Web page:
If you followed my updates of the fall climbing season in the Himalaya, you probably saw me mention an expedition to the Nepali peak Burke-Khang on more than one occasion. The 6942 meter (22,775 ft) peak is one of more than a hundred mountains that Nepal opened to climbers for the first time back in 2014, providing mountaineers with the opportunity to post first ascents on some peaks that even now remain mostly uncharted. And since the mountain is named for American climber Bill Burke, who better than the man himself to help spearhead the first expedition to have a go at the summit?
Our friend Alan Arnette has posted an excellent expedition recap of the climb, starting with how Burke and Garrett Madison of Madison Mountaineering began scouting Burke-Khang last spring to look for potential routes to the top. Bill had received an assessment of the mountain from some of his Sherpa friends who had deemed in “unclimbable” but after flying over in a helicopter, taking hundreds of photos, and surveying the area fort themselves, Burke and Madison thought that they had spotted a safe way to approach the summit.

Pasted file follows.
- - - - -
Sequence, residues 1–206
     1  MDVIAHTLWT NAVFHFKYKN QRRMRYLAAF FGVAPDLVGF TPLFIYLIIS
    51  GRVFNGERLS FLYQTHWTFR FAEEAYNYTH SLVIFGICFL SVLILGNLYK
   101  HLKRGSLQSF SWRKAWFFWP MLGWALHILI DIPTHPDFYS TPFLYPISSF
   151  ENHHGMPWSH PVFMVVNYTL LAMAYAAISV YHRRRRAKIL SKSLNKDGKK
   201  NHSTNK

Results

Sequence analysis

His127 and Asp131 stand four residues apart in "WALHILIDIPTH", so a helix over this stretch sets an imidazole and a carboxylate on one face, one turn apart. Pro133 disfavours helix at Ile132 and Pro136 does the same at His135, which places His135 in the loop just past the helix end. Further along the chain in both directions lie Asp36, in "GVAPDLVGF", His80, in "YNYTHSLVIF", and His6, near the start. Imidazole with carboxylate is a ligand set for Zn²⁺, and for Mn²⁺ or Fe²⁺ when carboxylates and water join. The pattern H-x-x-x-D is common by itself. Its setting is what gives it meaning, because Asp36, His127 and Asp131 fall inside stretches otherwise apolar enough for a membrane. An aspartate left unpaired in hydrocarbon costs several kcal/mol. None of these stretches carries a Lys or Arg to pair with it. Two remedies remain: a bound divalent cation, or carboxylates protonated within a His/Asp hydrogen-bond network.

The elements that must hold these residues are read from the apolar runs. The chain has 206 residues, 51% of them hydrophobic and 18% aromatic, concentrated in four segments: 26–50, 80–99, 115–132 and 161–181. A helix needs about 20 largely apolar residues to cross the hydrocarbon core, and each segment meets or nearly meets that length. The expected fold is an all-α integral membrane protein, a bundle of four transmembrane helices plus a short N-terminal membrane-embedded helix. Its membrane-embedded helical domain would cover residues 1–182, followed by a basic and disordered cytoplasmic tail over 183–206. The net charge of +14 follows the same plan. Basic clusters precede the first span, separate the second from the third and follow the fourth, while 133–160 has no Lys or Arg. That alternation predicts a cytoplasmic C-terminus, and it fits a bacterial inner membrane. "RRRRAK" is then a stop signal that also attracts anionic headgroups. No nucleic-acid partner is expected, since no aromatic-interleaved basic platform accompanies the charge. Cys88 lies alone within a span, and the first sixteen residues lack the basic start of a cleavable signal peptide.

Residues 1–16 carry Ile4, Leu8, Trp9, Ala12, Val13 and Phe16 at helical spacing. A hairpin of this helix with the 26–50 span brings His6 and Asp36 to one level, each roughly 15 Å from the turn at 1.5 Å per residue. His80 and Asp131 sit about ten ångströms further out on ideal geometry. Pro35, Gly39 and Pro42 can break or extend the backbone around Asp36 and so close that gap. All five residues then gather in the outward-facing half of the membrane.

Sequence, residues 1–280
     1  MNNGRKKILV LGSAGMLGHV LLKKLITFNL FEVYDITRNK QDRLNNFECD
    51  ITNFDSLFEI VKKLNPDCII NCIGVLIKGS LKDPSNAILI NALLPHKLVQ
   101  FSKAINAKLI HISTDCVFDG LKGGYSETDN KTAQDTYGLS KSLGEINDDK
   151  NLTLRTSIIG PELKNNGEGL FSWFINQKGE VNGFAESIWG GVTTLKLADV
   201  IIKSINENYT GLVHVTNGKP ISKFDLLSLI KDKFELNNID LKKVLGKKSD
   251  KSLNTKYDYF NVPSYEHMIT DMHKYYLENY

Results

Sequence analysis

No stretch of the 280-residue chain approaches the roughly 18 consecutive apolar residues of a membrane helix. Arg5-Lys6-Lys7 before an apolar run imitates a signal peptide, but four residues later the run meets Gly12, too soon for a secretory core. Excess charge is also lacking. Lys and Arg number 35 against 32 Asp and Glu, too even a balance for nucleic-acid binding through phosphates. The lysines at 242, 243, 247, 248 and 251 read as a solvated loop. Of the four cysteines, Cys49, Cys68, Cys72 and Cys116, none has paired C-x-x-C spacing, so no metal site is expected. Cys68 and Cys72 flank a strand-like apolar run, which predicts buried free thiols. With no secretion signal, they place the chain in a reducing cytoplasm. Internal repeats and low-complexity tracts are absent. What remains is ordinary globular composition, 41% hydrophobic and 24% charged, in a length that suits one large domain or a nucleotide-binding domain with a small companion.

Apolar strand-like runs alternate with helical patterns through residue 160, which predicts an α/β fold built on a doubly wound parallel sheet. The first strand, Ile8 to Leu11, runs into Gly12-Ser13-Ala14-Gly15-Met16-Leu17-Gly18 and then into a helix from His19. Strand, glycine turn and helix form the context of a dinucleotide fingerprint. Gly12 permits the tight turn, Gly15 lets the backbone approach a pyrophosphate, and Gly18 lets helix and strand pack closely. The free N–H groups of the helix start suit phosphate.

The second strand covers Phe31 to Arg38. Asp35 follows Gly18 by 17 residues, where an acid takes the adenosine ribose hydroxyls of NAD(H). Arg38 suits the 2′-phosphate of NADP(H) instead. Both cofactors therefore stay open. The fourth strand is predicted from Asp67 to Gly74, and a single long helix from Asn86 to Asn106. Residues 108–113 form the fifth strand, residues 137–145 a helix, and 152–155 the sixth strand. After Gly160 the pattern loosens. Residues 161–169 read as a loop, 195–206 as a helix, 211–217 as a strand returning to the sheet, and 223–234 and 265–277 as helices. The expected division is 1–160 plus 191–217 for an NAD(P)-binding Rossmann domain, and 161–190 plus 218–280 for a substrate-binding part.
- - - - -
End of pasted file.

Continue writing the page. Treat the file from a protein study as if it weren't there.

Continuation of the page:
This fall, they returned to the remote region of Nepal to attempt the climb, spending several weeks fixing the route and exploring the best way to ascend. Eventually they made a summit push, and came up about 30 meters (100 feet) shy of the top. Apparently, they could have easily finished the route, but the snow cornice on top of the mountain was deemed unstable, so they elected to safely descend first. Burke hasn’t ruled out returning to the mountain however, as it is clear he’d like to personally be the one to get the first ascent.
Reading Alan’s piece is not only a good recap of everything that happened this fall, but it offers nice insights into how an expedition conducts its research and scouting prior to the launch of their mission. It also provides solid background on what happens during a climb, and what it is like to be live on a mountain while working towards your objectives. It is definitely a good read for anyone who not only follows mountaineering, but is interested in the logistics of the climb too.
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